What Is the 2000 Investor Limit?
The 2,000 Investor Limit is a stipulation required by the Securities & Exchange Commission (SEC) that mandates a company that exceeds 2,000 individual investors, and with more than $10 million in combined assets, must file its financials with the commission. According to SEC rules, a company that meets these criteria has 120 days to file following its fiscal year's end.
- The 2,000 investor limit or rule is a key threshold for private businesses that do not wish to disclose financial information for public consumption.
- A business with more than 2,000 distinct shareholders, totaling $10 million or more in capital, must file with the SEC even if it is a privately-held company.
- Congress raised the limit from 500 individual investors to 2,000 investors in 2016 as part of the JOBS and FAST Acts.
- The increased investor limit has opened greater possibility for equity crowdfunding.
Understanding the 2000 Investor Limit
The 2,000 investor limit or rule is a key threshold for private businesses that do not wish to disclose financial information for public consumption. Congress raised the limit from 500 individual investors in 2016 as part of the Jumpstart Our Business Startups (JOBS) Act and Title LXXXV of the Fixing America’s Surface Transportation (FAST) Act. The revised rules also specify a limit of 500 persons who are not accredited investors before public filing is required.
The prior threshold had been 500 holders of record without regard to accredited investor status. Congress began debating an increase in the limit in the wake of the 2008 recession and an explosion in online businesses (some of which complained that they were growing so fast that the disclosure rules had become a burden at too early a stage of their lifecycle).
The JOBS Act also set up a separate registration threshold for banks and bank holding companies, allowing them to terminate the registration of securities or suspend reporting if that class of shares is held by less than 1,200 people.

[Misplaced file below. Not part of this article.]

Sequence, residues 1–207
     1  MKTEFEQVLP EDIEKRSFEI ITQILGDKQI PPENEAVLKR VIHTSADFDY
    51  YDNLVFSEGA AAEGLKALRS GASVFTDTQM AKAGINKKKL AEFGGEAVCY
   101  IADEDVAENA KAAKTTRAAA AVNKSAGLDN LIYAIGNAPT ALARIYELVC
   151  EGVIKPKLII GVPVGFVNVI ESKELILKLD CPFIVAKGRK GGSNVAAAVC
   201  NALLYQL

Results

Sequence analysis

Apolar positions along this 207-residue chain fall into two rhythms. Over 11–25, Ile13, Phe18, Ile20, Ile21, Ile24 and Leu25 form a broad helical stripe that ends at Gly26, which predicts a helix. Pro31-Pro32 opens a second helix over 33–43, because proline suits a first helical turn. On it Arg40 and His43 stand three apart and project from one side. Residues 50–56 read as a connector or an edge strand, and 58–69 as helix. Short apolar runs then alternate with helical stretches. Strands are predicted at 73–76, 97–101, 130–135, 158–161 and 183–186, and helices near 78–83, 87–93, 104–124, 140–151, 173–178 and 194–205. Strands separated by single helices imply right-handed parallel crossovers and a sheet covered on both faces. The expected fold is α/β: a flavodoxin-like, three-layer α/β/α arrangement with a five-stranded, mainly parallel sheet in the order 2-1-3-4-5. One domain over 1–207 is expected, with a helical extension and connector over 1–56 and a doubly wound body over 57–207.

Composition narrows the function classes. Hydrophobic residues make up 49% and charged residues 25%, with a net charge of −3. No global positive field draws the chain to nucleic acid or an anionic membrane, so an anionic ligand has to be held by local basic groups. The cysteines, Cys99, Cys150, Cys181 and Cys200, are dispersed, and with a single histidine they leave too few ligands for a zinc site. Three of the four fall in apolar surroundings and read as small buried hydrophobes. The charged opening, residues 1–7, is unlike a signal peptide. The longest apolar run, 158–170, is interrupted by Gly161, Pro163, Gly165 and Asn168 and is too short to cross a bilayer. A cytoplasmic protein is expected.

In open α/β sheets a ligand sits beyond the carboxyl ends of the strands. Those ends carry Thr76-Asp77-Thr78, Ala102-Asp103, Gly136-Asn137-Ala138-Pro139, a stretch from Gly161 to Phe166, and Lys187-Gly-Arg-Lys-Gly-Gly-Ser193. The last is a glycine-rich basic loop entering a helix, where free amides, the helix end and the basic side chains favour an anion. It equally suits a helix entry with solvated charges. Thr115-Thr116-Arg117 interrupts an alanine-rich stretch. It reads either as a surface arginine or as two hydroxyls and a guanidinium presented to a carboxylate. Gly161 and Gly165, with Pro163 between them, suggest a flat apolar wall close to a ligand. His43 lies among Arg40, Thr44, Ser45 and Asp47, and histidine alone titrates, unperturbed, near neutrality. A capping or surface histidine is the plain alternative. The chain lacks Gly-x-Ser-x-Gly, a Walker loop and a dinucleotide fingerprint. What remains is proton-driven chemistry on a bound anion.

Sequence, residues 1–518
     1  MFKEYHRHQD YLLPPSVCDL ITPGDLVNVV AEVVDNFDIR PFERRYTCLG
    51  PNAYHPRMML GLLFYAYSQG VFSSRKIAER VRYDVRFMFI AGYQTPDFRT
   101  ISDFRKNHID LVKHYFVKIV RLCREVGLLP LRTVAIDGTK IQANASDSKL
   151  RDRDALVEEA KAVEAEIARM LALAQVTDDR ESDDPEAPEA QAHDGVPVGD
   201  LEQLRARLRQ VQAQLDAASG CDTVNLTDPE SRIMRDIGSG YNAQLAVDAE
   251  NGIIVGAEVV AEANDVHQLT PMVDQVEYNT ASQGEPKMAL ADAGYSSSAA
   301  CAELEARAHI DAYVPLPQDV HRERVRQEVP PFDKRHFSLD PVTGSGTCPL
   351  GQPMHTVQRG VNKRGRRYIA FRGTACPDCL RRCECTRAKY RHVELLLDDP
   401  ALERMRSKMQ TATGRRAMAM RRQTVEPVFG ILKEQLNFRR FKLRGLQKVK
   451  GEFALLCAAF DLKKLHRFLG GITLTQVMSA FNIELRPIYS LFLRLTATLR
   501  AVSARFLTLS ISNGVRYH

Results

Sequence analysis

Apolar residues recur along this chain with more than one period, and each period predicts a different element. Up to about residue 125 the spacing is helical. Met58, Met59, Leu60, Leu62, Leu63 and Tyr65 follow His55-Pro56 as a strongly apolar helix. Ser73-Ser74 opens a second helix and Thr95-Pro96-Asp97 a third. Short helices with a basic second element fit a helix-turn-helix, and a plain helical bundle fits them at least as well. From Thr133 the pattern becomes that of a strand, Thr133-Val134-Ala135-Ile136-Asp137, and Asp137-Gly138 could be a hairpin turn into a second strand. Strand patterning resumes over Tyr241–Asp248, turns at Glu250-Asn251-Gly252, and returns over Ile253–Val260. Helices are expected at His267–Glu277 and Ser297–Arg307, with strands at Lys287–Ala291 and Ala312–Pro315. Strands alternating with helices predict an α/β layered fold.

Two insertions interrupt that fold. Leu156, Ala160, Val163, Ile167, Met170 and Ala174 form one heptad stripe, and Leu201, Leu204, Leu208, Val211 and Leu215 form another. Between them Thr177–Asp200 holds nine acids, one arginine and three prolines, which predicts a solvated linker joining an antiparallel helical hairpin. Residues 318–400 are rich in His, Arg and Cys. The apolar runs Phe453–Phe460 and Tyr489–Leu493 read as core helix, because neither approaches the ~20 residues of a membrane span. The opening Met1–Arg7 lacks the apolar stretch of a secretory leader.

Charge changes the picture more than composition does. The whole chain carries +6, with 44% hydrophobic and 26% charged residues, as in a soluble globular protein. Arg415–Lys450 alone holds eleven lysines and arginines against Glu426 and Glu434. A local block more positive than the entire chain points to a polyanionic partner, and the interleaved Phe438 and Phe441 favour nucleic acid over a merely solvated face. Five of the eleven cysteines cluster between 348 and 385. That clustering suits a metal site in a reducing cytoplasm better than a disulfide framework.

Investor Thresholds and Equity Crowdfunding
The JOBS Act revisions to SEC rules helped facilitate the growth of crowdfunding platforms. These platforms are able to raise money from individual investors online without providing detailed financial data. The rules established limits on how much individuals can invest in SEC-approved crowdfunding platforms as a percent of the lesser of their annual income or net worth.
The individual limits for crowdfunding, through an investment portal approved by the SEC, as of May 2017:
- If either your annual income or your net worth is under $107,000, during any 12-month period, you can invest up to the greater of either $2,200 or 5 percent of the lesser of your annual income or net worth.
- If both your annual income and net worth are $107,000 or more during any 12-month period, you can invest up to 10 percent of your annual income or net worth, whichever is less, not to exceed $107,000.
These calculations don't include the value of your home.
For example, suppose that your annual income is $150,000 and your net worth is $80,000. JOBS Act crowdfunding rules allow you to invest the greater of $2,200—or 5% of $80,000 ($4,000)—during a 12-month period. So in this case, you can invest $4,000 over a 12-month period.